Mediterr J Rheumatol 2017;28(3):157-60
Clinical Utility of MBDA Panel in the Management of Adult Onset Still’s Disease
Authors Information

1: Internal Medicine Department, Mount Sinai Beth Israel Medical Center, New York, NY, USA

2: NYU Langone School of Medicine, New York, NY, USA


Background: Adult Onset Still’s disease (AOSD) carries an expansive presentation – typically featuring a triad of fevers, myalgia/arthralgia, and a rash – which can be mistaken for infectious or malignant etiology. As such, the role of reliable biomarkers becomes critical in the diagnosis and management of AOSD. The employment of MBDA panel may be of clinical utility in AOSD management, as we describe two cases where its application drives treatment plan. Methods: We describe two cases where application of MBDA panel assisted with disease management. Results: Case 1 features a 68-year-old male who presented with recurrent fevers, malaise, and a rash for three weeks. He was found to have an elevated ferritin level (15,599 ng/mL) with elevated acute phase reactants, consistent with AOSD. Vectra DA score was 77 at time of diagnosis. After treatment (see table), repeat Vectra DA at follow-up was 15. Case 2 features a 25-year-old female with history of juvenile idiopathic arthritis (then inactive) who presented with fevers, malaise, and rash. She was found to have an elevated ferritin level (321 ng/mL) with elevated acute phase reactants, also consistent with AOSD. Her Vectra DA score was 80 at peak of symptoms. She underwent appropriate treatment (see table), and repeat Vectra DA at follow-up was 17. Conclusion: A deeper consideration should be placed on the value of MBDA as a monitoring tool in the management of AOSD, specifically when pertaining to patient’s responsiveness to therapies.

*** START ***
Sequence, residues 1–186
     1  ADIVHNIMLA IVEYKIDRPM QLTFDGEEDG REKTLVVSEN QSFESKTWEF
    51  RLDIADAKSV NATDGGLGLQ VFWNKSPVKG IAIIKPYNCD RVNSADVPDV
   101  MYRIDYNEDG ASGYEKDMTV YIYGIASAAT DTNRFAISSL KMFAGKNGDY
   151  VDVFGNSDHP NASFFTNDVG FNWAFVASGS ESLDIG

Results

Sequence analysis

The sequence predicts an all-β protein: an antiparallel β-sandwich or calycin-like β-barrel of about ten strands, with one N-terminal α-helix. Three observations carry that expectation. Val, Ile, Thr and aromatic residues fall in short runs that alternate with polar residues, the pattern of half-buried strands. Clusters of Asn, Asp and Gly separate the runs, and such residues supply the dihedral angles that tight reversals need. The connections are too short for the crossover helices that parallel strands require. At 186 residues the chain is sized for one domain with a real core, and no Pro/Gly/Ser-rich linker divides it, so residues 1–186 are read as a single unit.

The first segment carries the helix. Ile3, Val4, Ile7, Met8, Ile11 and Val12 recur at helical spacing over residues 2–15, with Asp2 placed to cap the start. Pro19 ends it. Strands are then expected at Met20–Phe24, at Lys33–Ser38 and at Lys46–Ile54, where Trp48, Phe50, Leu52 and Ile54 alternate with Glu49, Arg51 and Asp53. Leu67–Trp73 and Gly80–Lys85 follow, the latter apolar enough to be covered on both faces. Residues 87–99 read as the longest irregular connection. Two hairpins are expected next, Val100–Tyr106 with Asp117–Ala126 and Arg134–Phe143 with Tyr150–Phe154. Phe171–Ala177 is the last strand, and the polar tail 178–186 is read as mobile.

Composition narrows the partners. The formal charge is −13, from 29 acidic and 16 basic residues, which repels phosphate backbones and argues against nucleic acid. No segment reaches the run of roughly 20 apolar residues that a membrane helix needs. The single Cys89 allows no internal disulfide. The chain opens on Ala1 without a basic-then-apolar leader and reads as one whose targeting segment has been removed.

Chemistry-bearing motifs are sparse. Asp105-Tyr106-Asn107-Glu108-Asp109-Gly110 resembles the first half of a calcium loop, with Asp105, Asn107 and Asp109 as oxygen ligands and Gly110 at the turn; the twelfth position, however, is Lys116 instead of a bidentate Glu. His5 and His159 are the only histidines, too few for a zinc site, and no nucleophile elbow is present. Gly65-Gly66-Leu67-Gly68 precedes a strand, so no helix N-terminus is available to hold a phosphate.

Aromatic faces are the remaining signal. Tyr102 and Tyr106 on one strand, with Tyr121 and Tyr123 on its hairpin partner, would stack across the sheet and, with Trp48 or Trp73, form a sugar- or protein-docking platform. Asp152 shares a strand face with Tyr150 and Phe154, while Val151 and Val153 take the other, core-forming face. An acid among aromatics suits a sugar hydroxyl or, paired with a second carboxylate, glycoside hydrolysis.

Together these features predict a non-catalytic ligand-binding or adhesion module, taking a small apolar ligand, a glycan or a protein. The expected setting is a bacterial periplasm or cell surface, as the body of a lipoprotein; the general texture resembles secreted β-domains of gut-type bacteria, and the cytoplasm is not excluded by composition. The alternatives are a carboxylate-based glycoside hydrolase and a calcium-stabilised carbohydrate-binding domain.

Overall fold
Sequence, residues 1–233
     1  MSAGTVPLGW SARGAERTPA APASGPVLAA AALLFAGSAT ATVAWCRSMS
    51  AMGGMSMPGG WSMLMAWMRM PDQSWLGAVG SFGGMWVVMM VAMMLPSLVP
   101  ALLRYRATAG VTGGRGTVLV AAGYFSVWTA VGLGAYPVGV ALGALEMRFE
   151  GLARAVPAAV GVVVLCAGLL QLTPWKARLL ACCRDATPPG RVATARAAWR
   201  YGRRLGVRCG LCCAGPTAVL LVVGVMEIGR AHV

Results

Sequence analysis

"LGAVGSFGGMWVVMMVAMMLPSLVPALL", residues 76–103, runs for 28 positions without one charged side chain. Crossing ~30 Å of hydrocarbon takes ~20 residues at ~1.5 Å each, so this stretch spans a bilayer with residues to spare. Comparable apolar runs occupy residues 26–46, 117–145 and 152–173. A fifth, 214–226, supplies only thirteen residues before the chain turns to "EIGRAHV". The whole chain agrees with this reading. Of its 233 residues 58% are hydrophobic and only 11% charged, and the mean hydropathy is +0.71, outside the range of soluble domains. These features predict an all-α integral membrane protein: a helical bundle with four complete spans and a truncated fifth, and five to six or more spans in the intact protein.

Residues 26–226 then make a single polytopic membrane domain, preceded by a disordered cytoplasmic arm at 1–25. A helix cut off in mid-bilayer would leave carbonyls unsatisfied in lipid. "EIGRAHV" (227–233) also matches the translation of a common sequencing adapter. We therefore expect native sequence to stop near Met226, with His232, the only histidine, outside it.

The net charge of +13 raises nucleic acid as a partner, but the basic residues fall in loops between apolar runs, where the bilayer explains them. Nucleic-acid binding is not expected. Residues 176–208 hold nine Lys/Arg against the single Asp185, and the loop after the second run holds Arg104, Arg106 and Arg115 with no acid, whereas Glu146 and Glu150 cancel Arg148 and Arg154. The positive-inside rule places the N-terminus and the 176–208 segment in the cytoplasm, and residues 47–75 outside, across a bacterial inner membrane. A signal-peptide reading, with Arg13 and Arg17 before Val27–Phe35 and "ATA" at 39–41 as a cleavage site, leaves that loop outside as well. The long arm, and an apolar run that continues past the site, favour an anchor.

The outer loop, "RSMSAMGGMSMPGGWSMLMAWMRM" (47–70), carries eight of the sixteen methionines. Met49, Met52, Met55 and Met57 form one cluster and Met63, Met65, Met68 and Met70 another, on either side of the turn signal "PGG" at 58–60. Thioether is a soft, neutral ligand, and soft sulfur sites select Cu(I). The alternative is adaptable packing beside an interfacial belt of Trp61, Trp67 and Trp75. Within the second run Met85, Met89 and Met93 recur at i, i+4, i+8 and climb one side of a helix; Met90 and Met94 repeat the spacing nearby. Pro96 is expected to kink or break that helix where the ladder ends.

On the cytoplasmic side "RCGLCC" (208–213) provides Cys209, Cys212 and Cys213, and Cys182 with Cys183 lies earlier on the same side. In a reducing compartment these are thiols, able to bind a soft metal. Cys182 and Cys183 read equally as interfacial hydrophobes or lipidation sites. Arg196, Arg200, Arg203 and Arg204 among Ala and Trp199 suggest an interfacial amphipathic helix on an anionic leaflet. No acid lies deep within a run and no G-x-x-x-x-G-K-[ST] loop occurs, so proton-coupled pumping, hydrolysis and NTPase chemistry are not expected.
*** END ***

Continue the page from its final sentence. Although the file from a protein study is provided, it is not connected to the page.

Full Text


Adult Onset Still’s disease (AOSD) is an auto-inflammatory disorder with an expansive and heterogeneous presentation that can often be mistaken for infectious or malignant etiology. There is no clear consensus in terms of its incidence and prevalence in different populations, but the disease is believed to have a bimodal age distribution, with its earlier peak between 15 and 25 years old, and its latter peak between 36 and 46 years old.1 Additionally, there are also cases of AOSD reported amongst elderly individuals exceeding 70 years old.2 The diagnosis is based largely on a high index of clinical suspicion, and typically hinges on a triad of symptoms that includes: recurrent, quotidian episodes of fevers of unknown origin (FUO); a characteristic maculopapular salmon-colored rash; and arthralgia/myalgia.1-3 These physical findings are typically corroborated by elevated acute phase reactants, such as erythrocyte sedimentation rates (ESR), C-reactive protein (CRP), and ferritin. Less common symptoms, such as sore throat, lymphadenopathy and hepato-splenomegaly, although not uncommon, remain non-specific and, oftentimes, lead to misdiagnosis. As such, the long-term management of AOSD can be difficult due to the limited amount of reliable biomarkers used to predict and manage disease activity.